Extracts from the four key findings:

  1. The current adult care funding system in England is not fit for purpose and needs urgent and lasting reform.
  2. The current system is confusing, unfair and unsustainable.  People are unable to plan ahead to meet their future care needs.  Eligibility varies depending on where you live.
  3. A major problem is that people are unable to protect themselves against very high care costs.   The current availability and choice of financial products to support people in meeting care costs is very limited.
  4. Most people are realistic about the need for individuals to make some contribution to the costs of care in later life, but they want a fairer way of sharing costs and responsibility between the state and individuals.

Extracts from some of the main recommendations:

  1. To protect people from extreme care costs we recommend capping the lifetime contribution to adult social care costs that any individual needs to make at between £25,000 and £35,000.   We think £35,000 is an appropriate and fair figure.
  2. Not everyone will be able to afford to make their personal contribution, and those currently just outside the scope of eligibility for means-tested support are not currently protected.   To address this, means-tested support should continue for those of lower means, and the asset threshold for those in residential care beyond which no means-tested help is given should increase from £23,500 to £100,000.
  3. Those who enter adulthood already having a care and support need should immediately be eligible for free state support to meet their care needs, rather than being subject to a means test.
  4. Universal disability benefits for people of all ages should continue as now.
  5. People should contribute a standard amount to cover their general living costs, such as food and accommodation, in residential care.   We believe a figure in the range of £7,000 to £10,000 a year is appropriate. [1]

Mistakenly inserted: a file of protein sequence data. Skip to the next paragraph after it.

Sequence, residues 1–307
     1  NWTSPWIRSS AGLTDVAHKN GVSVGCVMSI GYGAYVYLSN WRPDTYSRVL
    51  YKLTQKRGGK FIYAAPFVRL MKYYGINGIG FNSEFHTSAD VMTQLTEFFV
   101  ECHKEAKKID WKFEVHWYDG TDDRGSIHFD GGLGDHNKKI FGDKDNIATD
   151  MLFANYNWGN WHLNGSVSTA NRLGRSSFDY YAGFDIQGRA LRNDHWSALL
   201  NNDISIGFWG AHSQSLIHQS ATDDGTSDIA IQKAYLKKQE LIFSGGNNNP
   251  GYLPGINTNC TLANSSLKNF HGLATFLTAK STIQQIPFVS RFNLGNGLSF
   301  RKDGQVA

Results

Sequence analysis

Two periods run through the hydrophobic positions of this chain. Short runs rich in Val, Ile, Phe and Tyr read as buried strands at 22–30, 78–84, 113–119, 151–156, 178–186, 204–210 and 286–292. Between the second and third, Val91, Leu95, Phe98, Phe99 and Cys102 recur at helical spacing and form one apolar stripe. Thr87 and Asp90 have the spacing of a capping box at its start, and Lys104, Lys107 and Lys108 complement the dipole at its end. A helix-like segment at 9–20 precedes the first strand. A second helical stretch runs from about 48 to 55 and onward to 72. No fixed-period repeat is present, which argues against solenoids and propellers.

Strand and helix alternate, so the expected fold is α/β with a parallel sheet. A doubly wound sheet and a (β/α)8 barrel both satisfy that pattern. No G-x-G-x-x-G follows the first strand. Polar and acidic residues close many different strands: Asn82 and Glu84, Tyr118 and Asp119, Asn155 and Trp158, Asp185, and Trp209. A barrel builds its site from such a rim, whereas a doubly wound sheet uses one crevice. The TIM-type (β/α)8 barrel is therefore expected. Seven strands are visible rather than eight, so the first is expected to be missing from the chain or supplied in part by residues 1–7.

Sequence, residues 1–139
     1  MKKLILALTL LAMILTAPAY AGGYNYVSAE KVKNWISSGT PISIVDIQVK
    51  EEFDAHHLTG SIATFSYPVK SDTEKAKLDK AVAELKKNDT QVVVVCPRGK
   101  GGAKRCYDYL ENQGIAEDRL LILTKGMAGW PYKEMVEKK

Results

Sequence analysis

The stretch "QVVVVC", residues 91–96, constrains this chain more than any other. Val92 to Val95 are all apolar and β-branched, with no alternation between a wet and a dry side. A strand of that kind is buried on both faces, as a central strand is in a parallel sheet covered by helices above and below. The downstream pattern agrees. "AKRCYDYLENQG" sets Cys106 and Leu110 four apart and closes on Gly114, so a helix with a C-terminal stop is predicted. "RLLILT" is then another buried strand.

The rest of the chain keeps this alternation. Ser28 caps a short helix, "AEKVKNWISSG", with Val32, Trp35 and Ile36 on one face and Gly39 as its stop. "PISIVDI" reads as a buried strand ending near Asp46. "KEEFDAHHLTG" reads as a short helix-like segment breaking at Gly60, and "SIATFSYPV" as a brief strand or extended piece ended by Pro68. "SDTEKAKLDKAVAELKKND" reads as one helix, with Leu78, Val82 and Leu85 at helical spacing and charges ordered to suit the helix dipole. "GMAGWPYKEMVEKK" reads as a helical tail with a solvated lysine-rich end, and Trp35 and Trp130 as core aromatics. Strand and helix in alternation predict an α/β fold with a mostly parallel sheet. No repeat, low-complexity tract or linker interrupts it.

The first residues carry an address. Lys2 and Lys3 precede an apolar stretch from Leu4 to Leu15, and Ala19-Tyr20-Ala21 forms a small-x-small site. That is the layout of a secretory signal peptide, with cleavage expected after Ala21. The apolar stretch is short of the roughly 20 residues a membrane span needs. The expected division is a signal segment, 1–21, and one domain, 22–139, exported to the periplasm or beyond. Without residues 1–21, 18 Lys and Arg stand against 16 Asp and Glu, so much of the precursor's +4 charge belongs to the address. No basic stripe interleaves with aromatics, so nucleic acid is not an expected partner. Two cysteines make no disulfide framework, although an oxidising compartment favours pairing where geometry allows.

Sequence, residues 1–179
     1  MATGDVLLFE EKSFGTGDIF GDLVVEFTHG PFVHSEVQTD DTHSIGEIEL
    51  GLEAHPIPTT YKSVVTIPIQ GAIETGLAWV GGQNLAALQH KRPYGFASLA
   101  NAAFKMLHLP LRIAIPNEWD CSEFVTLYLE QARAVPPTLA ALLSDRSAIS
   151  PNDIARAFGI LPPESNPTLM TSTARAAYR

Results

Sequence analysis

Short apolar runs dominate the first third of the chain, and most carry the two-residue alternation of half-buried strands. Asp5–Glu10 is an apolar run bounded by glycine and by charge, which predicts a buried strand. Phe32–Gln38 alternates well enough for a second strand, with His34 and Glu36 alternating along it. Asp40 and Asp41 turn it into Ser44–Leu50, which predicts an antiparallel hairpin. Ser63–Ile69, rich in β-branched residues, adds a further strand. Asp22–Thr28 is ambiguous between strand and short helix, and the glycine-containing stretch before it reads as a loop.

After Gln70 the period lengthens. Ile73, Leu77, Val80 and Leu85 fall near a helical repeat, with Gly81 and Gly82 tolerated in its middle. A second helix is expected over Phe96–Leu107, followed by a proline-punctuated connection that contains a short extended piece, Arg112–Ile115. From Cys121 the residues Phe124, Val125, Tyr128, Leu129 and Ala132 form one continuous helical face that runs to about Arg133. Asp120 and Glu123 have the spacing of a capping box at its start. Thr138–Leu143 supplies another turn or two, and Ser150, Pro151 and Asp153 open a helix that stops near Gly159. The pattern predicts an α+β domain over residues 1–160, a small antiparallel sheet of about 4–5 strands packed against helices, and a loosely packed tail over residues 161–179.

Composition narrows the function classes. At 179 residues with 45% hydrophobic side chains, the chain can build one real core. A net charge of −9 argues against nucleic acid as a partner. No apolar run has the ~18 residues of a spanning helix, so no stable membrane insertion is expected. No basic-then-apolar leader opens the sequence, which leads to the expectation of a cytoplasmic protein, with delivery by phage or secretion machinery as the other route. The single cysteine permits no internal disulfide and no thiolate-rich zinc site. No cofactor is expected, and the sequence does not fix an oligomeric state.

6. In reforming the funding of social care, the UK Government should review the scope for improving the integration of adult social care with other services in the wider care and support system.   In particular, we believe it is important that there is improved integration of health and social care.  [2]

Estimated cost

The estimated cost of these proposals is £1.7bn per year rising to £3.6bn by 2025.

Two examples from the Report may help explain how this would work in practice.  

Example 1:

Alice lived alone in her own home worth £180,000.  She had dementia and needed to go into a residential care home when she was 83 for the last 5 years of her life.

Under the current system

Alice’s daughter needed to arrange for Alice’s home to be sold in order to be able to use the money to pay for Alice’s care.   Alice had to pay for all her care and living costs in full until she died, spending £165,000 from her pension income and housing wealth.

Under Dilnot

Alice would initially need to contribute in full to her care and general living costs.  After two years she would have contributed £35,000 towards her care and reached the cap.   From then on, the state would pay Alice’s annual care costs of £18,500.  Alice’s general living costs would be paid out of her pension income.  Alice would be able to keep 80% of her wealth.

Example 2:

John has a stroke at the age of 85.  He could no longer manage at home and entered a care home costing £28,500 a year.   He lived in the care home for four years before he died.  Prior to this, he lived on his own, in a house which he owned outright and was worth £140,000.  He had £220 a week from his own pension and the state pension.

Under the current system

John had to contribute all his income except for £22.60 a week and use his housing assets to pay for his care.   He continued to pay for his care in full until he died, spending £74,000 from the value of his home.

Under Dilnot

John would pay the first £35,000 of his care costs and after two years he would reach the cap and then receive all his care without charge.  He would continue to contribute £10,000 a year towards his general living costs.  This would be done through his pension income.

John could choose to use his housing assets to pay for the £35,000 (taking out a deferred payment from the local authority), and still have £105,000 left, three-quarters of his wealth.

Reaction to this report in England

UK Government Ministers responded cautiously.  The health secretary, Andrew Lansley, described the Dilnot report as “an immensely valuable contribution” but warned that the UK Government needed to “consider carefully” the “significant costs” of reform.